Twitter’s board has turned up the heat on billionaire suitor Elon Musk, unanimously backing his $US44 billion ($63 billion) bid for the social media platform despite disputes about the platform’s robot users.
Twitter recommended shareholders vote in favour of the Tesla founder’s offer for the company in regulatory filings posted on Wednesday (AEST) on the basis his offer was “fair [and] advisable”.
But Mr Musk is continuing to cast doubts over the deal, saying on Wednesday that three “unresolved matters” were stopping it from going ahead.
Analysts have said Mr Musk is erecting roadblocks to scupper the deal after his funding package, which includes a large loan against his Tesla shares, started falling apart in May.
Against that backdrop, Twitter’s approval will put pressure on the billionaire to either move ahead with the purchase, or walk away and face hefty breakaway fees.
Investors appear unconvinced the deal will go through, with Twitter stock trading far below Mr Musk’s offering price on Wednesday.
Elon Musk cites hurdles
Mr Musk says there are three hurdles preventing his bid from proceeding.
The first is a long-running dispute over the number of robot users on Twitter, with Mr Musk remaining sceptical about Twitter’s claim that just 5 per cent of its user base are bots.
Mr Musk won’t buy Twitter unless it shows 95 per cent of its users are human.
“We’re still awaiting resolution on that matter,” Mr Musk told the Qatar Economic Forum on Wednesday (Australian time).
“That is a very significant matter.”
The second hurdle, Mr Musk said, is whether the debt portion of his bid will come together.
The billionaire had agreed to pay $US33.5 billion ($48.3 billion) in cash for Twitter, with a further $US7.1 billion ($10.2 billion) in equity financing from other investors, and an undisclosed debt package backed by his Tesla shares.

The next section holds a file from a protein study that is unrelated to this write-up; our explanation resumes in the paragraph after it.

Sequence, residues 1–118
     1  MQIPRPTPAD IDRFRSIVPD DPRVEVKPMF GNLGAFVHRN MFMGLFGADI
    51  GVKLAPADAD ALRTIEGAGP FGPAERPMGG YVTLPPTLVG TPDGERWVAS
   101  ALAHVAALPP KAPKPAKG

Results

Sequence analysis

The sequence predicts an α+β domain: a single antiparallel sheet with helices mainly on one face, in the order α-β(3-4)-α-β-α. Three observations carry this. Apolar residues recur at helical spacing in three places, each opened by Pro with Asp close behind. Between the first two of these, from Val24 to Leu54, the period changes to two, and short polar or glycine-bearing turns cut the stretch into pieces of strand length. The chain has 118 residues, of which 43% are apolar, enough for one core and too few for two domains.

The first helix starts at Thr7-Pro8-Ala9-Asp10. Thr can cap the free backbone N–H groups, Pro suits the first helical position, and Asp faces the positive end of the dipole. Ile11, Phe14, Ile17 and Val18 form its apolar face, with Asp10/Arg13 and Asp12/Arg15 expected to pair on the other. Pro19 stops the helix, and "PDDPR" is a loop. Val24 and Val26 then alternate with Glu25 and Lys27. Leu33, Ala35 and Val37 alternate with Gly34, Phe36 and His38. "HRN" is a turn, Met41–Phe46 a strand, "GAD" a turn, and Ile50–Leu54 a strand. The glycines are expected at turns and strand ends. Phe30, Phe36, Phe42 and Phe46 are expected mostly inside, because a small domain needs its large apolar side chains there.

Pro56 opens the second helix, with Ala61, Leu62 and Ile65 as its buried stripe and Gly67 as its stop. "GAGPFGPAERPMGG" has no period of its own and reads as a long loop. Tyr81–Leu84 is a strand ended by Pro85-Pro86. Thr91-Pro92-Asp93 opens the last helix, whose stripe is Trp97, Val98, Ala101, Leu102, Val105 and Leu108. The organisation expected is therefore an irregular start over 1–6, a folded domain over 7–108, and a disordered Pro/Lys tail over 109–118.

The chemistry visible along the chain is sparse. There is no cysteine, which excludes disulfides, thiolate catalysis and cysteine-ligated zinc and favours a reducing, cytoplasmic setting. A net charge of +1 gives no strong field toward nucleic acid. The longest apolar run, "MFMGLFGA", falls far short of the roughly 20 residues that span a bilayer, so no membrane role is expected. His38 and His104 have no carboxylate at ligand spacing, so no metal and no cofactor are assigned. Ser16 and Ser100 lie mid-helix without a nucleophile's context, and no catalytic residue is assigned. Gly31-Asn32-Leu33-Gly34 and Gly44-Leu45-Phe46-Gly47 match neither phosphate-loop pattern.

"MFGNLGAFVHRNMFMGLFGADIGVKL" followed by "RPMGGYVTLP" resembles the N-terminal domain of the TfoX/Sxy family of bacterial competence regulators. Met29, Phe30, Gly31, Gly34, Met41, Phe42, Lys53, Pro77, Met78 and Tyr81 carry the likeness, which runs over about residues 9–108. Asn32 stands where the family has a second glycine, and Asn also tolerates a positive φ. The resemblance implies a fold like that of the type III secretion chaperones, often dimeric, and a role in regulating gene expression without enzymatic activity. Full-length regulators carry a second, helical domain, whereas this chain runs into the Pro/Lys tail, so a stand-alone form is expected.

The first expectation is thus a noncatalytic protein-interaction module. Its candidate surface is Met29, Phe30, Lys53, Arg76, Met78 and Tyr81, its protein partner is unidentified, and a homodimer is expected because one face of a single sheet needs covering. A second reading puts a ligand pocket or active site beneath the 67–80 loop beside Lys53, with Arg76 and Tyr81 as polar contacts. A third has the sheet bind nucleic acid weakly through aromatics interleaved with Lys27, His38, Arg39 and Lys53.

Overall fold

The debt portion has become mired in uncertainty as a global sharemarket rout eats into Tesla’s stock value, reducing Mr Musk’s wealth and undermining his debt collateral with banks.
CNBC reported in early June that negotiations with bankers had been put on hold, while Mr Musk admitted on Wednesday there’s still “a question” over whether the debt will “come together”.
Without this money, Mr Musk would either need to find new funds or substantially lower his bid for the company, which means altering the deal.
The third issue preventing the purchase from going ahead is whether shareholders will vote for it, with a meeting of investors to approve the purchase yet to be scheduled by Twitter’s board.
Mr Musk said these issues must be resolved.
Twitter turns up the heat
For its part, Twitter’s move on Wednesday shows the company wants to move ahead and call a shareholder vote, which could resolve Mr Musk’s third hurdle.
RMIT University associate professor Angel Zhong said that by recommending the deal, Twitter has removed a roadblock and put pressure on Mr Musk to make a decision.
“Twitter’s efforts to clear hurdles makes it increasingly difficult for Musk to walk away from the deal without any penalty,” she said.
The Tesla co-founder is on the hook for more than a billion dollars in breakaway fees if he tries to scupper the deal without a suitable pretext.
And the deal is also becoming less attractive for Mr Musk because his offer of $US54.20 ($78) a share is higher than Twitter’s current market price of $US38.90 ($56).
Dr Zhong suggested this gives Twitter leverage to pressure Mr Musk into either paying a 13 per cent premium for the social media giant or paying sizeable penalties for walking away.
“If the number of fake accounts checks out, Musk has no other resort but to close the deal at an expensive price,” she said.
“The consensus is that he is using this as an excuse to buy time.”
Twitter’s current share price also reflects investor scepticism that the deal will actually happen, with market watchers tipping a protracted legal battle over the terms of the merger agreement.
The billionaire also wants to rapidly expand Twitter’s user base and take steps to improve the monetisation of the platform, an issue that has long irked the social media giant’s larger investors.